Sure that church may not be in the most racially mixed of areas. Indeed, the congregation may be entirely black. As a church they may have to live out Christ's teaching by opposing racism and injustice in today's society. And, as individuals, they may well be proud to be black (or, perhaps, "African American"). But to advertise in the church's slogan that you are not a place of worship for Native Americans, Latin Americans, Asians, Arabs, Hebrews or white people? Can that be right?
It's wrong when parts of the Christian church in India segregate themselves by Caste. And it was wrong when the church in South Africa allowed itself to be co-opted by the Apartheid state. Churches anywhere which refuse to include people based on race, nationality, or the colour of their skin are ignoring the basic truth about human beings' relationships with Almighty God. We are all in the same situation!
As it says in Galations 3 v 28: "There is neither Jew nor Greek, there is neither bond nor free, there is neither male nor female: for ye are all one in Christ Jesus."
Not the least of the ironies of this unrelenting blackness is that it would seem to exclude Christ himself. And that can't be right!
Tuesday, May 20, 2008
As if Gordon Brown hasn't enough disasters on his hands, the government are working on another one, the Times reports: Big Brother wants complete records of everyone you phone, all your emails, everyone you talk to on the internet - in fact details of every time you go on the Internet - and it wants them in a big, central database that it (for want of a better word) controls.
Unfortunately, given the government's record with data, it's questionable how long they'll be able to go without losing it in the post (like records of UK children and parents' banking details), or handing it out to visitors to their websites (like with the automated visa application site).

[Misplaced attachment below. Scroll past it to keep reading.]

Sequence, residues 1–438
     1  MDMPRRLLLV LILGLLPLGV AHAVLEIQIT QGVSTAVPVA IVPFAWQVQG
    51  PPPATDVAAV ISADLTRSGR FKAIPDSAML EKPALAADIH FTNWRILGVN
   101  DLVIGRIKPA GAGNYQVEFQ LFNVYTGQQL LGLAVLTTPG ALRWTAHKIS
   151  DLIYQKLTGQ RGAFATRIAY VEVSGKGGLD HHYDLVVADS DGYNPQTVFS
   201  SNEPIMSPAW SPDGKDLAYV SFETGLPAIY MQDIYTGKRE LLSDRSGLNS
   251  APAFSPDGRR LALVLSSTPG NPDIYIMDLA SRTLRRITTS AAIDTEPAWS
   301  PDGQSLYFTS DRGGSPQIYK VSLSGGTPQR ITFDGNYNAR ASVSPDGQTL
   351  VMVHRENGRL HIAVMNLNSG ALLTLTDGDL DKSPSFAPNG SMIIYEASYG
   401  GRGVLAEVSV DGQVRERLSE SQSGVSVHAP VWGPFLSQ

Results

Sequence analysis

This is supposed to be about implementing a (rather intrusive) EU directive about the information that is gathered about us, and how long it's kept - but the government seem to be taking the opportunity to do some extra snooping and forcing the Internet and Phone companies to hand their records over to a new and completely unnecessary database, or "target for hackers".
When the proposals emerge, it'll be worth seeing if there are any real limits on who can get the data, and how good an excuse they need. Given previous plans to allow district councils and the food standards agency to raid your phone records on demand, I'm not holding my breath.
Assistant Information Commissioner Jonathan Bamford, called it a step too far. "We are not aware of any justification for the State to hold every UK citizen's phone and internet records", he added. "We have warned before that we are sleepwalking into a surveillance society. Holding large collections of data is always risky - the more data that is collected and stored, the bigger the problem when the data is lost, traded or stolen."
Let your MP know what you think through write to them (it's very cool - go see!)
Monday, April 21, 2008
BMI did it again. I arrived in Belfast, but my luggage didn't. Fortunately it caught up with me a few hours later. And maybe it was SL Airlines' fault instead. Or Heathrow (though I don't think they can still blame terminal 5). I think I'm getting used to it by now.